Saturday, August 19, 2017

TV1998 (TV1998.WAD)

Thomas van der Velden has enjoyed a pretty prestigious authorial career, releasing Revolution! and its sequel, Harmony, all on his lonesome. He also made contributions to the much-lauded Plutonia 2 (among other things). TV1998, a collection of twenty-two (22) levels for Doom II, was released in 2004 but all of Velden's heavy lifting was performed before Revolution! in 1998 with a little bit in 1999, hence the title. Its release appears to be one of those happy accidents where someone finds a forgotten backup of materials long thought lost. TV picked it up, dusted it off, wired it some new skies and a TITLEPIC, and sent it back into battle.

TV1998 doesn't have any written story but it could be crowbarred into any invasion-era Doom narrative. One level features a city still being decimated by warfare and another is explicitly labelled "Warzone". The implied story begins on the frontline of Earth's resistance fighting a one-man war in occupied territory until you meet the other members of the Earth Defense Force (MAP04) after which you're cut loose. You commandeer a train home and whether aimlessly or having some purpose wander the ruined planet kicking in the heads of the unholy until you find a portal that allows you to take the fight to Hell. The monsters are much better at trapping you on their home turf, with several avenues dedicated to blood sports, but you consistently emerge victorious. Do you ever soothe your troubled soul? I'd like to think so, but TV1998 lacks any sort of definitive climax as it ends after MAP22 where the player character leaps out of another Satanic citadel and into a giant pool of blood.

While I haven't played Revolution!, I know its reputation as a megaWAD isn't too hard in terms of difficulty, has relatively short maps, and is committed to pushing the limits of your imagination. All three of these are more or less features of Velden's Promethean maps. Sure, some of the levels can be grueling due to a lack of health, abundance of hitscanners, or choreographed combat, but you're never too far from the beginning to just try again with a fresh Doomguy. Most of it also tries to feature settings that are either novel in their nature, such as "Dune"'s sandworm belly crawl, or in their execution, like the scripted scenic destruction in "Home". It's all in the vanilla engine, though, so there's quite a bit of stretching to be done.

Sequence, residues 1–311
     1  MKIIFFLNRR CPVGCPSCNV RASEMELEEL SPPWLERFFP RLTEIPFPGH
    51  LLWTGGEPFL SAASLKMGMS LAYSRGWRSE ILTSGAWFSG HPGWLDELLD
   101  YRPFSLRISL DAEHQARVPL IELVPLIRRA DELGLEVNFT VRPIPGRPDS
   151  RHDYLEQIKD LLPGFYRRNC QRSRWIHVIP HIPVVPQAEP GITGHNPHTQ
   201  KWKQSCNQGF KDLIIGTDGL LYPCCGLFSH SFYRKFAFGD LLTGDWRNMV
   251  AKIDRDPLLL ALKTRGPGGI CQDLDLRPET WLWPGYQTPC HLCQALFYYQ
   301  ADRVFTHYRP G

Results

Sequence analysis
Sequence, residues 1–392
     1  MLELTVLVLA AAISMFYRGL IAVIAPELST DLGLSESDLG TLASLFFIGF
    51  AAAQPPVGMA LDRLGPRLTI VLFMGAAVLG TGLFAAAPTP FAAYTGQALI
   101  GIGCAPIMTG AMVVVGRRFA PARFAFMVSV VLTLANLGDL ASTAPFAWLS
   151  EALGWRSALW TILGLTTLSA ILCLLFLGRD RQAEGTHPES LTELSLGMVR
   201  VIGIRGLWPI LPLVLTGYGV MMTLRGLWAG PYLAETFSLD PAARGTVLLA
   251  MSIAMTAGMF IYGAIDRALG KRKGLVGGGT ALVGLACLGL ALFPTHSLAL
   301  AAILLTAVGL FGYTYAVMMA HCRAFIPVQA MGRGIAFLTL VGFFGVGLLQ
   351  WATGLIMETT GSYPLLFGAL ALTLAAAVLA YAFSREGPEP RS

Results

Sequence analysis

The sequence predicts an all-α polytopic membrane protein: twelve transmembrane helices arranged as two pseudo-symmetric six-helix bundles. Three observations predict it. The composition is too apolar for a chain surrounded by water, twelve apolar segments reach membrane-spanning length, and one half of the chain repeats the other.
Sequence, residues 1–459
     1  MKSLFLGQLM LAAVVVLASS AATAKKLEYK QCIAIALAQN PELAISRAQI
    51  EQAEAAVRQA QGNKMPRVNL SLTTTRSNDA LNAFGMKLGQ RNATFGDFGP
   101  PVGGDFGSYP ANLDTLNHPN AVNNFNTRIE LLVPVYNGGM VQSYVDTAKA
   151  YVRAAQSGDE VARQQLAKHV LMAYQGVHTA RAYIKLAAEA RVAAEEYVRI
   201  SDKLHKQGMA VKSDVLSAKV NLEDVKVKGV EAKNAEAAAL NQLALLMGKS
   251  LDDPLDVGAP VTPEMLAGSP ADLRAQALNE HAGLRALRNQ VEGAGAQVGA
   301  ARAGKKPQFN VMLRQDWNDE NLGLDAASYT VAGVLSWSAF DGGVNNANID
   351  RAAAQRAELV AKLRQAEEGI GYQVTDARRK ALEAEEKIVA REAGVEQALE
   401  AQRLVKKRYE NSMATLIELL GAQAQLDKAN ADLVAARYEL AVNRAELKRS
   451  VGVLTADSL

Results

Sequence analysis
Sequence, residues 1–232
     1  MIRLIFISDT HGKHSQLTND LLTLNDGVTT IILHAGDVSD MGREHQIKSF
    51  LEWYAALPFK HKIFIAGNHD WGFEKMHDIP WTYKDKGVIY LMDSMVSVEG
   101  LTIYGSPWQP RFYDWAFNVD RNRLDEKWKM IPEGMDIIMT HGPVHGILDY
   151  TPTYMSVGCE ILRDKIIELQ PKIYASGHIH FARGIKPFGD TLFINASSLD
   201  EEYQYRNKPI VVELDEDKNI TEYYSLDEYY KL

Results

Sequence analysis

TV sort of frontloads the DoomCute realism in this collection, running from MAP01 to MAP10 and to a lesser extent MAP11. You've got the worm and the explosions but there's also a forest / jungle (MAP03), trench warfare and drowned jeep (MAP04), a reasonable stab at a moving train (MAP05), a hotel complete with blasted neon sign (MAP07), an office complex (MAP09), and a classic Looney-Tunes rocket (MAP10). "Me and My Shotgun" marks a turning point toward the abstract DoomCute that you find in the map titles of the Serenity series. There are still some bits of identifiable architecture, most notably the jail structure in MAP15, but the second eleven (11) levels are more typical of a Doom II experience. With the occasional brilliant detail, of course. I just can't get over those false crates from MAP18.

TV1998 is an easy comparison to the works of '94-'95 era author Chris Klie in that both favor short levels and tend toward a "classical" style of difficulty but aren't afraid to throw things at the player like hallways composed of crushers. Velden isn't quite as inventive in his death traps and for your Doom money his levels are better to navigate in that they are more recognizable as places and less like machines built to stall players on their way to the exit switch. That may well be his niche among other action blasters, e.g. Adam Windsor of Demonfear and Erik Alm of Scythe.

This is a pretty cool older Doom megaWAD. I like the ways Velden tried to make the game seem more varied and advanced than its limitations dictate and if Revolution! is as much of an authorial leap as I've read, I'm stoked to play it. As a side note, neither TV1998 nor TVR were blessed with an original soundtrack on their release. Jimmy marshaled a MIDI community project to retrofit Revolution! and then hand-picked his own selections for the standalone TV1998 MIDI Pack; if you're tired of hearing the OST, then you might want to give this one a try.